Filmmakers shift gears from Mississippi to Hollywood
Filmmakers shift gears from Mississippi to Hollywood
By W. DEREK RUSSELL
Jan. 21, 2018
TUPELO, Miss. (AP) — Frigid, drizzling rain danced across a pair of car headlights Monday night, as a crew of huddled masses assembled at dusk. It was the sixth time in a row this particular group had met, working until 3 or 4 a.m. each time before calling it a night.
Their words sending out billows of visible breath, the workers called out for items needed, settling in for another long one. Another cold one. Another wet one.
Suddenly, illumination shot across the otherwise dreary locale like a bullet from a gun. The dark road had quickly turned from a pedestrian means of travel to a film set. Steam danced across the specialized lighting put in place by the crew for "Driven," a feature film being shot on location in Tupelo.
The spotlights focused on a single fixture, a 2017 Honda CRV — arguably as much a character in the film as the actors inside: Casey Dillard and Richard Speight Jr.
Dillard, who co-wrote the film, propped the vehicle's driver's side door open as she talked over an upcoming scene with director Glenn Payne.
The two filmmakers have achieved notoriety over recent years with their homegrown projects like "Earthrise" and "Stagrassle Paranormal." But this one felt a little different, thanks in part to the person in the passenger seat.
Speight, known for his work in television programs like "Supernatural" and "Band of Brothers," and films like "Ernest Goes to Camp" and "Independence Day," wiped clean his fogged glasses, studying his lines as Payne described the next shot he wanted to capture.
They had to pick up where they left off the night before to get the continuity right from shot to shot, and as the rain began to roll in, Dillard shut her door as she and Speight started rehearsing their scene inside the vehicle.
In fact, all the scenes in the film are shot inside the vehicle.
"In what I would describe as the most misguided idea we've ever had, Glenn and I thought an entire movie that takes place inside a car would be really easy to make," Dillard said of writing the script. "We were very wrong, and I want to make sure that any other filmmaker that has that idea knows that. It's a beast."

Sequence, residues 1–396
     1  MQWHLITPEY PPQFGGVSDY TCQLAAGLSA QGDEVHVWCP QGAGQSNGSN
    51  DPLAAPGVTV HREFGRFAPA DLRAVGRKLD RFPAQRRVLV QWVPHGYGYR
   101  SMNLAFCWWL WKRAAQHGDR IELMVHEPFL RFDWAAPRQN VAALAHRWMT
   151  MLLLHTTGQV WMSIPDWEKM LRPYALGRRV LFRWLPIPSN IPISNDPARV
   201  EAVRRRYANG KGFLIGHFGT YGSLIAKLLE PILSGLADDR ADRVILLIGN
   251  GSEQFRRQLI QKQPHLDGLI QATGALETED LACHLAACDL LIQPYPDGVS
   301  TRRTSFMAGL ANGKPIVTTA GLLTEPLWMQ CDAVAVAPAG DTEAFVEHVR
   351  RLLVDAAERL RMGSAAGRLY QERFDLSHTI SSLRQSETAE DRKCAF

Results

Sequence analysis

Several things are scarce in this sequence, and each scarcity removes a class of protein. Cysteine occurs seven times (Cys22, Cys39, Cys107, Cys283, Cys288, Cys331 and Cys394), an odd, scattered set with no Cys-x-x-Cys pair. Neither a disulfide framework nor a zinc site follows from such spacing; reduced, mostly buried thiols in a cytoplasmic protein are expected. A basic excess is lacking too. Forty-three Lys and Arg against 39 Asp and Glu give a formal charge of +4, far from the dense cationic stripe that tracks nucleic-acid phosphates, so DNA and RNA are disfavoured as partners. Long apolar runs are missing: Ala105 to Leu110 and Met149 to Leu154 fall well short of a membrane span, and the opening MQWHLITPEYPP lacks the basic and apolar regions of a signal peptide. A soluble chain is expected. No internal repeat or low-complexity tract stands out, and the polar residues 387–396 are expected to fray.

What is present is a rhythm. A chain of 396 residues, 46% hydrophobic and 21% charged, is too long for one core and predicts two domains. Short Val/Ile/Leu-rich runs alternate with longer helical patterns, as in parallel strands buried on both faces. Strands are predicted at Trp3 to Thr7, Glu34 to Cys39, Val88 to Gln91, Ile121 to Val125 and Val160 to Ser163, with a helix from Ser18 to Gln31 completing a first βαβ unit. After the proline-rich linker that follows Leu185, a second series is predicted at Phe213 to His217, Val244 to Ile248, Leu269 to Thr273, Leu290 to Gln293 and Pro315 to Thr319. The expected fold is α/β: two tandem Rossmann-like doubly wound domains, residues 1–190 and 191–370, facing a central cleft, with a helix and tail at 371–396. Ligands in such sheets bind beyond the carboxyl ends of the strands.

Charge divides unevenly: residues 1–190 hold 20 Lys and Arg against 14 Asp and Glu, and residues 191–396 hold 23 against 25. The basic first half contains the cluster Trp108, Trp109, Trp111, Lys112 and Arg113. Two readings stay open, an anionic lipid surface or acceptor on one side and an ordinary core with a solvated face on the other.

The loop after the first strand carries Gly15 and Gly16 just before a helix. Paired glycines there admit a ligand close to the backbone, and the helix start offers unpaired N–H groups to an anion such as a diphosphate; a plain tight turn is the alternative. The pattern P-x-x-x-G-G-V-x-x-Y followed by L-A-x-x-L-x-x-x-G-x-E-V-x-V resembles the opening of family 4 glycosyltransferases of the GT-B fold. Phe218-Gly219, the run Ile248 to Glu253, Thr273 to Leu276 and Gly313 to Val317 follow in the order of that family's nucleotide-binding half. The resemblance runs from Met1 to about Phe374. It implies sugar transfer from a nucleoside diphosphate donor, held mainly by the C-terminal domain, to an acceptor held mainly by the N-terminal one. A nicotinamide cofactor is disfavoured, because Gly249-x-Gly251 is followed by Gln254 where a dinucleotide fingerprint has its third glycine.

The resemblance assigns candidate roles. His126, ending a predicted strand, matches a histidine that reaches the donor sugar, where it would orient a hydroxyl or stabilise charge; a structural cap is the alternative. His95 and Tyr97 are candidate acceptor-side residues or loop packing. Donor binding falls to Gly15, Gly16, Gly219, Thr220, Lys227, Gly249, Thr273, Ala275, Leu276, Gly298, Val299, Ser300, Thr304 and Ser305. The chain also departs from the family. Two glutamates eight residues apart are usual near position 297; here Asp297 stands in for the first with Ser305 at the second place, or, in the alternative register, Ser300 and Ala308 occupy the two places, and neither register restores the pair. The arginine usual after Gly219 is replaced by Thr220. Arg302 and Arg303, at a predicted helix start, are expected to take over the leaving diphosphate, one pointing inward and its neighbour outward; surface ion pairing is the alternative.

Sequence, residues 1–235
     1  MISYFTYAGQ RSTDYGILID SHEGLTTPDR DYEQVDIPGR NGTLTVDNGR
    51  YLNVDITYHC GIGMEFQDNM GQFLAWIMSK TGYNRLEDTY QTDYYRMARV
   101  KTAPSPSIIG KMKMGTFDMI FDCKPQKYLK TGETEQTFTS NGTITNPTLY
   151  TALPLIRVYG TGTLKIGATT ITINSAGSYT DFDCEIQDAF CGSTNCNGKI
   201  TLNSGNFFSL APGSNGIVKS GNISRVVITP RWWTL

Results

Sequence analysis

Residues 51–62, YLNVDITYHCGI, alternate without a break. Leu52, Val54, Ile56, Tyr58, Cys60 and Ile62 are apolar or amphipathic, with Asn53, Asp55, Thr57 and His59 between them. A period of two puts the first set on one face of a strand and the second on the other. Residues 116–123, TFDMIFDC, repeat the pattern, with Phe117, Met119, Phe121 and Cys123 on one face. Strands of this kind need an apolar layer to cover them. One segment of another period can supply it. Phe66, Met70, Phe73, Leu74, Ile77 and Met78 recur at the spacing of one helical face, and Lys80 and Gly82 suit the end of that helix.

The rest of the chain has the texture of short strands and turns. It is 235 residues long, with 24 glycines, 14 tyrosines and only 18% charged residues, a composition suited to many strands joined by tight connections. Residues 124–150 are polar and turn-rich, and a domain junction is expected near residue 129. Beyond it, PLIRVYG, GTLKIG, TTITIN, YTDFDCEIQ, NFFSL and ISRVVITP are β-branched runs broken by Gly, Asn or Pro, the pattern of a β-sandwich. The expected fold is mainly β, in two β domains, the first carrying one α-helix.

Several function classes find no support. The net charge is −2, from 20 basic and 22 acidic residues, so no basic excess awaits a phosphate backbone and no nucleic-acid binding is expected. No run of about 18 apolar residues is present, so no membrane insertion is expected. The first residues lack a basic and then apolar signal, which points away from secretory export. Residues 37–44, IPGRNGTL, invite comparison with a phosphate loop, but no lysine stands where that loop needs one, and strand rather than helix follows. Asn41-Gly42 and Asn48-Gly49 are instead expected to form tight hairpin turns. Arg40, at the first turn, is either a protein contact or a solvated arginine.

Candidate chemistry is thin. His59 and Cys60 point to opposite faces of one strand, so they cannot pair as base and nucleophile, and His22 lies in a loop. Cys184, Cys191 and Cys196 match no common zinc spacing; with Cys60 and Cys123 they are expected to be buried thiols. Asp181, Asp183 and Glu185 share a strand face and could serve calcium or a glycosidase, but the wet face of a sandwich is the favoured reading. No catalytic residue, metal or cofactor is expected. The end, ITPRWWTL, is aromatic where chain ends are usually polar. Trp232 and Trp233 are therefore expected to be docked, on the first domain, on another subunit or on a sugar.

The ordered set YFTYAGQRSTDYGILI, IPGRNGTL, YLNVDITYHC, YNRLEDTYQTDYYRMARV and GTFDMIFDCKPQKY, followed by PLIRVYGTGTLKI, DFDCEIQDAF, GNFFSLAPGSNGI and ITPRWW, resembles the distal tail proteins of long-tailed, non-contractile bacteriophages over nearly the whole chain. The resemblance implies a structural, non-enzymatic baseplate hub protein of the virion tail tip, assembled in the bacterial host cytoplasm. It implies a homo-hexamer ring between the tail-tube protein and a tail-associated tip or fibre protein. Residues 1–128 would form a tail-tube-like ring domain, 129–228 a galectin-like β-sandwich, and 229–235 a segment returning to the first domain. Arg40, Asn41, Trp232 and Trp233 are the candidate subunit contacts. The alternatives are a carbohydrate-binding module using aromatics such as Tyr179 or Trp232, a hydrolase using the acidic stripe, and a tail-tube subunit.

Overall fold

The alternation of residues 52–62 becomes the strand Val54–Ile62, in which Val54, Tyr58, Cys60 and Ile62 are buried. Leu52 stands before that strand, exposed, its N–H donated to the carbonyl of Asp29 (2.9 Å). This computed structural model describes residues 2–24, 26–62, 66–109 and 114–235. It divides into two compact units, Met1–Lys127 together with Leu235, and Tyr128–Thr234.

The full-length feature, a first for Dillard to pen, follows the night of an Uber-esque driver who picks up an out-of-towner on a mission.
Speight, an out-of-towner himself, has settled into the starring role nicely, as he and his character share the common trait.
"Roger is a wealthy fellow who's arrived to end the multi-generational family curse begun by his great-great-grandfather," Speight said.
There's a paranormal element to the story, but Dillard said not a supernatural one — mostly because she didn't want to draw any comparisons to "Supernatural," the show for which Speight is probably best known. He's played the character of the angel Gabriel on the long-running program in the past, in addition to directing several episodes lately.
But the role of Roger in "Driven" is a lot different than that of his trickster-self on "Supernatural," Speight said. In fact, he's never read anything like it.
"About six months ago, Glenn and Casey reached out and said they had a script that they would love for me to look at for the lead role," Speight said. "I read it and it was super clever, fun and well-executed. The script is really clever and I haven't read anything like it. I thought my character was really fun and very well flushed out and something I felt I could bring something to do. I'll do an indie project, but I'm also not going to hinder the project if I'm not right for the role. I don't want to do that to the filmmakers. I felt like this was a good match."